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Red Cross or have anything to do with it. But then when he came to this country--see, after I
came back from giving him the film, I think the Japanese government came and made a
special presentation to me of a gift from the emperor, because I had given him that film.
At any rate, someplace on their computer I was listed, and when he came to the States when
I was the head of Red Cross, then he wanted to come and personally see me. It was quite an
event, and I have photographs that were taken in the Great Hall at the Red Cross, where I'm
talking and the emperor is standing there and the empress is standing with her head bowed.
The Japanese in the Red Cross that I met in Geneva--there was nothing special about that.
My close associations with the Red Cross internationally were with Holland, Switzerland,
Norway, Sweden, Germany especially, Greece, England. Very close to England.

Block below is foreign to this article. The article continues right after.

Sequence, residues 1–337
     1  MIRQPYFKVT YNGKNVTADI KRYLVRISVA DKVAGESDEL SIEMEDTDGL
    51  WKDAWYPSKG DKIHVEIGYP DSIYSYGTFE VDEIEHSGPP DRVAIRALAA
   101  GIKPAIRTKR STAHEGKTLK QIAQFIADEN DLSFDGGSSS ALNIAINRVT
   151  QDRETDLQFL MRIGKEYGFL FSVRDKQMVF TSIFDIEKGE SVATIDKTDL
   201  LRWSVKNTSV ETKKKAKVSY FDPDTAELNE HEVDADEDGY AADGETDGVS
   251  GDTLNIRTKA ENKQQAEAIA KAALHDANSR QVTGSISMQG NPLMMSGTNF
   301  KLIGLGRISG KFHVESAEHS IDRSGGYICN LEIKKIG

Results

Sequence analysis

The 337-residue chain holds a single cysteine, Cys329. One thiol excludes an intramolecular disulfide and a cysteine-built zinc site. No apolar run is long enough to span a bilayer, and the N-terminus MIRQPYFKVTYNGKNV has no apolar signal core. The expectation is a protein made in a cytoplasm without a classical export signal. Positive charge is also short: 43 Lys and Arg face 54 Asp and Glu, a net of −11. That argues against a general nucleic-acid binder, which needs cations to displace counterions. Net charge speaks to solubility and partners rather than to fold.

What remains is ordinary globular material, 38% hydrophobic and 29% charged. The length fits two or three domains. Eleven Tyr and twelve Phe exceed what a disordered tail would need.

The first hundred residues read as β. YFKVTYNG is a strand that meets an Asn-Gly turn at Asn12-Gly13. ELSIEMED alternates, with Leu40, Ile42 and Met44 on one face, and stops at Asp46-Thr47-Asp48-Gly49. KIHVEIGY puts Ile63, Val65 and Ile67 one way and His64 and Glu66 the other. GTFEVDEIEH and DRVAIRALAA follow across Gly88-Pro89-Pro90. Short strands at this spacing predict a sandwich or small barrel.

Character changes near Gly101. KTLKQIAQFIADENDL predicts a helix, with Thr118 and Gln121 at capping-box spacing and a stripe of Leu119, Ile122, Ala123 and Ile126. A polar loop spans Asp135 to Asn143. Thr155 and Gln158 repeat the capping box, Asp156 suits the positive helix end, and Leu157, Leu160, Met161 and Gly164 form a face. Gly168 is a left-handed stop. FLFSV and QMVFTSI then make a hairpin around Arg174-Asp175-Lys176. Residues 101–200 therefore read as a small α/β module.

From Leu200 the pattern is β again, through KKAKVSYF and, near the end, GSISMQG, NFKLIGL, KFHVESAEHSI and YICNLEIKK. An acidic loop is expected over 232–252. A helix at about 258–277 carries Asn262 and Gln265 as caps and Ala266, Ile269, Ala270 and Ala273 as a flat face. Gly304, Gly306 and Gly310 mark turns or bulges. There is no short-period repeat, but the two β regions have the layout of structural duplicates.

Curiously enough, I got along very well with the Red Cross representatives from Russia. At
the very first meeting--big international convention--it was clear that the Russians wanted to
be elected to one of the inner-circle councils, and I felt the United States should be
represented. It looked as though we were going to have a tug-of-war, and I went down and
saw the Russian delegate and told him that we did not plan to run for that particular thing
that he wanted. I guess this was a novel experience--to have somebody, especially from the
United States, treat the Russian that way. It [was] the very first meeting, when I met the
Russian--he was a government man, because the Red Cross is “ government” in a lot of
countries around the world. But certainly in Russia, Red Cross was government. And
certainly in Israel, which is another problem I won't go into.
When I met this man--now I've forgotten his name--but he stood up, almost at attention--we
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